One of Wayne's first non-action/westerns (and set in the present day), this shows him in the same light as James Stewart, Henry Fonda, Fred MacMurray, Gary Cooper and yes, even Ronald Reagan as the simpleton fighting for truth, justice and the American way. The film both benefits and suffers from its comic elements, a plus for the prissy butler Barnett Parker, a definite minus for the brute who lusts for Dee in a seemingly light-hearted manner which turns treacherous, and stunned silence for the slapstick manner of the fight.
Mr. District Attorney, 1941, William Morgan,, 69, 6, 6.3
Not bad for a B-movie, but it's hardly 'noir'.
MartinHafer 27 January 2011
This is one of three movies bundled on a DVD entitled "Forgotten Noir", though I really wouldn't consider it an example of film noir. It's more a kooky movie where one of the characters just happens to work for the District Attorney. Dennis O'Keefe plays a recent Harvard Law graduate and from the start he irritates his boss to no end. So, to punish him, he's given a dead case--one no one else wants. However, when the missing witness suddenly shows up, this becomes a very hot case and O'Keefe and his spunky female reporter friend (what a cliché!!) do what any assistant DA would do--investigate the crime and get caught up in the middle of it.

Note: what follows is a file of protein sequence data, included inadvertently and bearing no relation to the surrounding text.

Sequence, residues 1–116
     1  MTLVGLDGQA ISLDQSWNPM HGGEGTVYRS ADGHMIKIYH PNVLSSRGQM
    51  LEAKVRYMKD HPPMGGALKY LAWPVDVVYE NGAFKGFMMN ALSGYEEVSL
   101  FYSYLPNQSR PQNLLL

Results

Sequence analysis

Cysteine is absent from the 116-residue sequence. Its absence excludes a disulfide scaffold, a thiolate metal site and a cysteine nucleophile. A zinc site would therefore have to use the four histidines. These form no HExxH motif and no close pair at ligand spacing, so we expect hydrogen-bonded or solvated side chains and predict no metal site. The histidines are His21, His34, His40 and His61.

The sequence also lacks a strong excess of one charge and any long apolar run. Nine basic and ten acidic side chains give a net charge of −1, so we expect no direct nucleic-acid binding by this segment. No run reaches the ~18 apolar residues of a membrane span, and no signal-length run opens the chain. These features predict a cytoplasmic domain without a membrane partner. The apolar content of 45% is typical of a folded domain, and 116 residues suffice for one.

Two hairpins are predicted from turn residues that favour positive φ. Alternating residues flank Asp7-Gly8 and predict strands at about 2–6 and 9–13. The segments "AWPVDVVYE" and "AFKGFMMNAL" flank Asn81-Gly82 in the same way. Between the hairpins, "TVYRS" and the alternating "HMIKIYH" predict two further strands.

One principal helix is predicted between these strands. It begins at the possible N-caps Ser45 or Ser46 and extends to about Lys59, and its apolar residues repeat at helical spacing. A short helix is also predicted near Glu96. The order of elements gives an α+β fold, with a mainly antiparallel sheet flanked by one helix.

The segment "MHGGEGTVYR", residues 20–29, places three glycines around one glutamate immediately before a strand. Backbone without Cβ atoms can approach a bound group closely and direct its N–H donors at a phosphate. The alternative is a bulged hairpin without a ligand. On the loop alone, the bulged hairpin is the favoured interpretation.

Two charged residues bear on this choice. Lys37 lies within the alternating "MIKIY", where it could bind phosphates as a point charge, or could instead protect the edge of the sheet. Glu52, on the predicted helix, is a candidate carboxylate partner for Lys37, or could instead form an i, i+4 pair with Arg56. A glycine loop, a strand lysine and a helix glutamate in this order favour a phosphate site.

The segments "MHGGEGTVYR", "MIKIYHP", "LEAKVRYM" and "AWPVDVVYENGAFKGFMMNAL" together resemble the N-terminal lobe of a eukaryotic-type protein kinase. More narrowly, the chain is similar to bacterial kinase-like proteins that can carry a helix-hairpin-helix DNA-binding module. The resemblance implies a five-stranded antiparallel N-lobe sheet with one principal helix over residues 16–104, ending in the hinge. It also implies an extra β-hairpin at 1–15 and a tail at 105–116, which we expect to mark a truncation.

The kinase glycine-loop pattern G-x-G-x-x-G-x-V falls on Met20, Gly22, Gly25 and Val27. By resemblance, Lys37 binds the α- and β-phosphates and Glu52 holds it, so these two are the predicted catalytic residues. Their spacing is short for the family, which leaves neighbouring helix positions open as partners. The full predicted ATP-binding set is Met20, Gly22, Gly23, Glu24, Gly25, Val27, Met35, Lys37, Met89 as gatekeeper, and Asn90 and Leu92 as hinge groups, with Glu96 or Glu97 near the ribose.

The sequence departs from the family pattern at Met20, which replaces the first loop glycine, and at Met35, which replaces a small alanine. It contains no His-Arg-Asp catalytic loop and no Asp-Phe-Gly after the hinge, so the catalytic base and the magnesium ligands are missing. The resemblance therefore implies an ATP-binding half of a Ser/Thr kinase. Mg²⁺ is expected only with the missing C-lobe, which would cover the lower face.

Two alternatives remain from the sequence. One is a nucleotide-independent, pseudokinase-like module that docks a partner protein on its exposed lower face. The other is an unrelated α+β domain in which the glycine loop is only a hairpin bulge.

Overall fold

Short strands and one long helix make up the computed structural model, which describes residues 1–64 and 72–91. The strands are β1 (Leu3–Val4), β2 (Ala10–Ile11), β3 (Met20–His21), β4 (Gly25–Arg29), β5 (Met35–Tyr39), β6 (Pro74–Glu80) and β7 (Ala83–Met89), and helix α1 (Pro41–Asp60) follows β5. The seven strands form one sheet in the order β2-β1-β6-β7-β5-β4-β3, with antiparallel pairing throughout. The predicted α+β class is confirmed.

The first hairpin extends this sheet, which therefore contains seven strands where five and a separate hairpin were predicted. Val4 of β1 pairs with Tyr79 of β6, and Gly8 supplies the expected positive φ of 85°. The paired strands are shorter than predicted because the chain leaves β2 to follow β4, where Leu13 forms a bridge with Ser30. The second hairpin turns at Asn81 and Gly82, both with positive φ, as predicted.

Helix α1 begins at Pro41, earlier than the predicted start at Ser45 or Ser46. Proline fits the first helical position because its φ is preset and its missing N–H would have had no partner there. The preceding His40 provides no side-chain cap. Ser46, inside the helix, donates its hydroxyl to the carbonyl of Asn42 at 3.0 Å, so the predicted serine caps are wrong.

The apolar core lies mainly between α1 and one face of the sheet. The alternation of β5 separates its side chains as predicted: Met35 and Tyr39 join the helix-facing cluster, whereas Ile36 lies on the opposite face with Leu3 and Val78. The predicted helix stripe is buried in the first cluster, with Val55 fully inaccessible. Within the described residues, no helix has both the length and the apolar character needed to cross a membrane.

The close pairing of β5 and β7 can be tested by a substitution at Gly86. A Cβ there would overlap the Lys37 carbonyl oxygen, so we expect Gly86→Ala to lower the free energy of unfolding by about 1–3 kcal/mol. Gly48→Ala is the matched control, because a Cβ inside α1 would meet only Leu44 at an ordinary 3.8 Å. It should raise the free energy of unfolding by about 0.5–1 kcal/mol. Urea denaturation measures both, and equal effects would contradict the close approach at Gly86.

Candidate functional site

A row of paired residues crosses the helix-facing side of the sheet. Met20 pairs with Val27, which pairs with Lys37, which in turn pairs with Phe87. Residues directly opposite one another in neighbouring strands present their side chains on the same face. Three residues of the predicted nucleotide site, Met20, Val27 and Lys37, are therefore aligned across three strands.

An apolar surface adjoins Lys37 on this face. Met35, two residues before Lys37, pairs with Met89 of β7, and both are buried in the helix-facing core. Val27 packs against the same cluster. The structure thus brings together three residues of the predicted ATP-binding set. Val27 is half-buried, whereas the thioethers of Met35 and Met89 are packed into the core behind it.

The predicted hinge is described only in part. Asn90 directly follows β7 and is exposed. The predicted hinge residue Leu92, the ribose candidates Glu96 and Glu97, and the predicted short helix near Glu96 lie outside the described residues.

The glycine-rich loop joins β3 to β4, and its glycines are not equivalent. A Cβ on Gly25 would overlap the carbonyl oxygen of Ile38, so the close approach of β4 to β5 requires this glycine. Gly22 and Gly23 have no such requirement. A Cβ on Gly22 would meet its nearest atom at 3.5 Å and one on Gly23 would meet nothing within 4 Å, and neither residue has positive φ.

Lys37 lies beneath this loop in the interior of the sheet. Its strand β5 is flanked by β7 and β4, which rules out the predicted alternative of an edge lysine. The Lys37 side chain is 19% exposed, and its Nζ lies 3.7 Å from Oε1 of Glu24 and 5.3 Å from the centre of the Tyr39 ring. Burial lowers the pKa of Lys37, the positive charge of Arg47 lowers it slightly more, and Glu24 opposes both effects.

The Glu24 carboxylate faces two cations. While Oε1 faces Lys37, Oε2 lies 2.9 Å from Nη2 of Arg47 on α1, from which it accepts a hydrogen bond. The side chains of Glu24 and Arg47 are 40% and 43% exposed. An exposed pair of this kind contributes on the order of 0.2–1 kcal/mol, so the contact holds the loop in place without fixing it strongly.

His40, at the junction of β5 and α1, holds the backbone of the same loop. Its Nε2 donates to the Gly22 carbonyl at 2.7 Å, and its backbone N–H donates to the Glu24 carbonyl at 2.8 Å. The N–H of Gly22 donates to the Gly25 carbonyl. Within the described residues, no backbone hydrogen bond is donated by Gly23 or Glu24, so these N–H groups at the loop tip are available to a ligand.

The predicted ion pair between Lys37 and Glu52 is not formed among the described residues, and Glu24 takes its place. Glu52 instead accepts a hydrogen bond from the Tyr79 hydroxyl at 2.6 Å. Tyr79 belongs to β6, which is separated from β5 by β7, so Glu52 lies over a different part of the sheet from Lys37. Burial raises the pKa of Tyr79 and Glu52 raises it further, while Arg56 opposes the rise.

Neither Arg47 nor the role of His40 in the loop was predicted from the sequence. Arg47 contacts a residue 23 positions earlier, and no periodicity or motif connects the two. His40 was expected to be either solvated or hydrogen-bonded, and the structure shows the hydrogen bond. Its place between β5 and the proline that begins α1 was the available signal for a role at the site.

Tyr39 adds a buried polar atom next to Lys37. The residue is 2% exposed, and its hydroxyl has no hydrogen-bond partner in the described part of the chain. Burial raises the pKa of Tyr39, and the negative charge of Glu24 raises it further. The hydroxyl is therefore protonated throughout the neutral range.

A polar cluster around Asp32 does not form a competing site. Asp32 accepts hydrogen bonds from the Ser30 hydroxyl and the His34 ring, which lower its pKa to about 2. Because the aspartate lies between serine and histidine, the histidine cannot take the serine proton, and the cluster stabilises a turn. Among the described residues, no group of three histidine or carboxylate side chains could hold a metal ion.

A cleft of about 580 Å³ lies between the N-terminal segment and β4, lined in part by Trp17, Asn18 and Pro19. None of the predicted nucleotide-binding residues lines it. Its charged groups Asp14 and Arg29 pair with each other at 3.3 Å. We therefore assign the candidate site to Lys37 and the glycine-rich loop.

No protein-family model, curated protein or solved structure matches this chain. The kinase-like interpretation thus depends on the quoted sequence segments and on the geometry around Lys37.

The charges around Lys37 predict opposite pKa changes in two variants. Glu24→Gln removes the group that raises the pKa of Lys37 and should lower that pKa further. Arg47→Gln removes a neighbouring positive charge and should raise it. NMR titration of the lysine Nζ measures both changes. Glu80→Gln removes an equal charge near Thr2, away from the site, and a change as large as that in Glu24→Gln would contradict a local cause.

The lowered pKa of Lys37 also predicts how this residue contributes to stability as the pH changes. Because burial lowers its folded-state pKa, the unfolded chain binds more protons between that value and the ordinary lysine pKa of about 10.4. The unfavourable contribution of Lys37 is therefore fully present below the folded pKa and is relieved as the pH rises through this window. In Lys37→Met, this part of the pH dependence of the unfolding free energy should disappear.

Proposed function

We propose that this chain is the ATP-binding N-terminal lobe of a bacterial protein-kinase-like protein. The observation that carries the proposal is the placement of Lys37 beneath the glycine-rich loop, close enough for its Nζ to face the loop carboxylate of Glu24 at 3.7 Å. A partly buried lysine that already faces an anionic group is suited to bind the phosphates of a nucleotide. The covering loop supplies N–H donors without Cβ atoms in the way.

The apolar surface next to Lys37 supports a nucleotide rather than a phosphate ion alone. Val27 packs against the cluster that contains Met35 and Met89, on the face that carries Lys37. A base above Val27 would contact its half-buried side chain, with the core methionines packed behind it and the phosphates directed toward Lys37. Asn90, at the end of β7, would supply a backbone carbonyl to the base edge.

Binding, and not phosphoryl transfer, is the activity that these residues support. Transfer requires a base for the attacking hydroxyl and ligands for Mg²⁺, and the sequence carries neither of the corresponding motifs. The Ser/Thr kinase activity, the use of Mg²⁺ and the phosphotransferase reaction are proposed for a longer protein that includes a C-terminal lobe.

The bottom line is that none of this is the least bit believable and the idea of these two kooky characters solving a crime is silly. But, the characters are likable and if you only look at it as a kooky B-mystery, you'll not be disappointed. Not bad, but clearly a low-budget B-film.
Dennis O'Keefe and Peter Lorre
kevinolzak 15 January 2014
1941's Republic version of the radio series Mr. District Attorney is far more lighthearted than its source, starring Dennis O'Keefe as Prince Cadwallader Jones, rookie assistant to DA Winton (Stanley Ridges), assigned to an old case involving the missing Paul Hyde (Peter Lorre), whose hidden cache of embezzled loot mysteriously turns up at the race track. There are red herrings and murder victims, but it's a waste of Lorre, in a criminally small role. Florence Rice supplies much comedy as nosy reporter Terry Parker, who also shows a tendency to get into hot water. The 1947 version from Columbia was probably more faithful than this one, certainly more serious; highly enjoyable in a breezy style, upper class for Poverty Row's Republic Pictures, who followed it with a pair of little seen sequels, Mr. District Attorney in the Carter Case and Secrets of the Underground (both featuring different actors in the lead).
*The Traitor Within, 1942, Frank McDonald,, 62, 1, NA
A cold-war title on a truck-driving film.
horn-5 24 November 2005
Ambitious young truck driver Sam Starr(Donald M. Barry) is in love with Molly Betts (Jean Parker), who shares with her father a resentment against John Scott Ryder (Ralph Morgan),the town's Mayor. In WW I, Ryder took credit for an act of heroism performed by "Pop" Betts (George Cleveland)and all of Ryder's success since then has been the direct result of the hero-worship of the town's citizens---adulation which should have been extended to Betts.